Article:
Who's Afraid of Post-Blackness?

Who's Afraid of Post-Blackness?: What It Means to Be Black Now
TitleWho's Afraid of Post-Blackness?: What It Means to Be Black Now
Publication TypeBook
Year of Publication2011
Number of Pages251
PublisherFree Press
CityNew York
Publication Languageeng
ISBN or ASIN Number1439177554
Copies at the Archive3

In the age of Obama, racial attitudes have become more complicated and nuanced than ever before. Inspired by a president who is unlike any Black man ever seen on our national stage, we are searching for new ways of understanding Blackness. In this provocative new book, iconic commentator and journalist Toure tackles what it means to be Black in America today.

Toure begins by examining the concept of "Post-Blackness," a term that defines artists who are proud to be Black but don't want to be limited by idenity politics and boxed in by race. He soon discovers that the desire to be rooted in but not constrained by Blackness is everywhere. In Who's Afraid of Post-Blackness? he argues that Blackness is infinite, that any identity imaginable is Black, and that all expressions of Blackness are legitimate.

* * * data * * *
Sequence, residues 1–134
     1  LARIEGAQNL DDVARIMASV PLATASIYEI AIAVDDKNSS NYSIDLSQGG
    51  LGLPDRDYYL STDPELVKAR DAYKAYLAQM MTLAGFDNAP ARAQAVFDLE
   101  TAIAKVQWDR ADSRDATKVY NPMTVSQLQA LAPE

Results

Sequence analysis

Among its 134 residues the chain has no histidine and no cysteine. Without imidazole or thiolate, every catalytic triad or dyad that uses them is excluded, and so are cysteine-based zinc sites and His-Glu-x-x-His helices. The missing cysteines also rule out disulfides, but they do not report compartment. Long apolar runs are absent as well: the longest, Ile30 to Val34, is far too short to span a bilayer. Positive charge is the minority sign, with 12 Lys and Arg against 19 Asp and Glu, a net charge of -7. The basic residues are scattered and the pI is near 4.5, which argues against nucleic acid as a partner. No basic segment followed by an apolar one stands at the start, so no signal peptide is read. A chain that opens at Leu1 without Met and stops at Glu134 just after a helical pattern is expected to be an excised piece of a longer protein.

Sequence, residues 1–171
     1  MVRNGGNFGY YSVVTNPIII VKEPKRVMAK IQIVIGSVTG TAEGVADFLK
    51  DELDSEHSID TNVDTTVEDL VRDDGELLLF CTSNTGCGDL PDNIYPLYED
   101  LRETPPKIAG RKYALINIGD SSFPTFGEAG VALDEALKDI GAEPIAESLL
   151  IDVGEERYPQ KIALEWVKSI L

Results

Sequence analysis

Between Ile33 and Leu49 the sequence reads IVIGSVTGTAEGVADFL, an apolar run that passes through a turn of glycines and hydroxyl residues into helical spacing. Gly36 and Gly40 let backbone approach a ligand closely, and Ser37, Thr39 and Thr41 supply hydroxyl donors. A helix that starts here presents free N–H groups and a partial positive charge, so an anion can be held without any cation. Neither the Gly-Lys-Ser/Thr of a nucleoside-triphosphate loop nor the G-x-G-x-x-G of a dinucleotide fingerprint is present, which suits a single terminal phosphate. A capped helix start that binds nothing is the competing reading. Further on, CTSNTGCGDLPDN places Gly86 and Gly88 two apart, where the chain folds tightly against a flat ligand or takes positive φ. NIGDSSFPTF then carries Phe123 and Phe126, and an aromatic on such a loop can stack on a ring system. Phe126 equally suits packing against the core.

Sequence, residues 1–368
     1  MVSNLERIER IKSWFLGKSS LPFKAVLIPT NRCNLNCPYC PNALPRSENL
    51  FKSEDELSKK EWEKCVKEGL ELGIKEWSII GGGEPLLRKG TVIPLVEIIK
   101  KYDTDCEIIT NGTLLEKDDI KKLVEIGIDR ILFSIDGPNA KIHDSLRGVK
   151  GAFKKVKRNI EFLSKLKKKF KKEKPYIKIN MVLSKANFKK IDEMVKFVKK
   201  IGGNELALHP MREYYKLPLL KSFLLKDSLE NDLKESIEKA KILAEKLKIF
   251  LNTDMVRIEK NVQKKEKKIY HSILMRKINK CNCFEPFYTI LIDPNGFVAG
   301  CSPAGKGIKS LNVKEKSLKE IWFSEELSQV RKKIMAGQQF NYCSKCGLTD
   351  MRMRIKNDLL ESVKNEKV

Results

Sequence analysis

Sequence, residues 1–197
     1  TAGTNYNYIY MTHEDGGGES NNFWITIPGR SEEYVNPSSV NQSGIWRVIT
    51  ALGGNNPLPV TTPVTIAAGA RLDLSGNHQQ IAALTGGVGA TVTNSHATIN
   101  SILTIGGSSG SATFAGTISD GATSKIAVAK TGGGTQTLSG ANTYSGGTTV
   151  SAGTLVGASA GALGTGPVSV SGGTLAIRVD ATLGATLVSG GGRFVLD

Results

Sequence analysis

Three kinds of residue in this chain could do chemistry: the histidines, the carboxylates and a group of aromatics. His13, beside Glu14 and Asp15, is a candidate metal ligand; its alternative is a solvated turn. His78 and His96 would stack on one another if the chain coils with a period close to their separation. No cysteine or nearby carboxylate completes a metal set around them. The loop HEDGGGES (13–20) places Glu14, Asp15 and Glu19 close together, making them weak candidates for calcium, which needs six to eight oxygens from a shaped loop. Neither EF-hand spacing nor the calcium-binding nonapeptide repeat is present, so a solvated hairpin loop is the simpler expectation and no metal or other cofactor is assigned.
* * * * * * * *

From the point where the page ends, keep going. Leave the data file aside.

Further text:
Here, Toure divulges intimate, funny, and painful stories of how race and racial expectations have shaped his life and explores how the concept of post Blackness functions in politics, society, psychology, art, culture, and more. He knew he could not tackle this topic all on his own, so he turned to 105 of the most important luminaries of our time for frank and thought-provoking opinions, including Cornel West, Henry Louis Gates Jr., Malcolm Gladwell, Melissa Harris-Perry, Harold Ford Jr., Kara Walker, Kehinde Wiley, Glenn Ligon, Paul Mooney, former New York Governor David Paterson, Greg Tate, Aaron McGruder, Kamala Harris, Chuck D, Mumia Abu-Jamal, and many others. 

By engaging this brilliant, eclectic group and employing his signature insight, courage, and wit, Toure delivers a clarion call on race in America and how we can change our perceptions for a better future. Destroying the notion that there is a correct way of being Black, Who's Afraid of Post-Blackness? will change how we perceive race forever.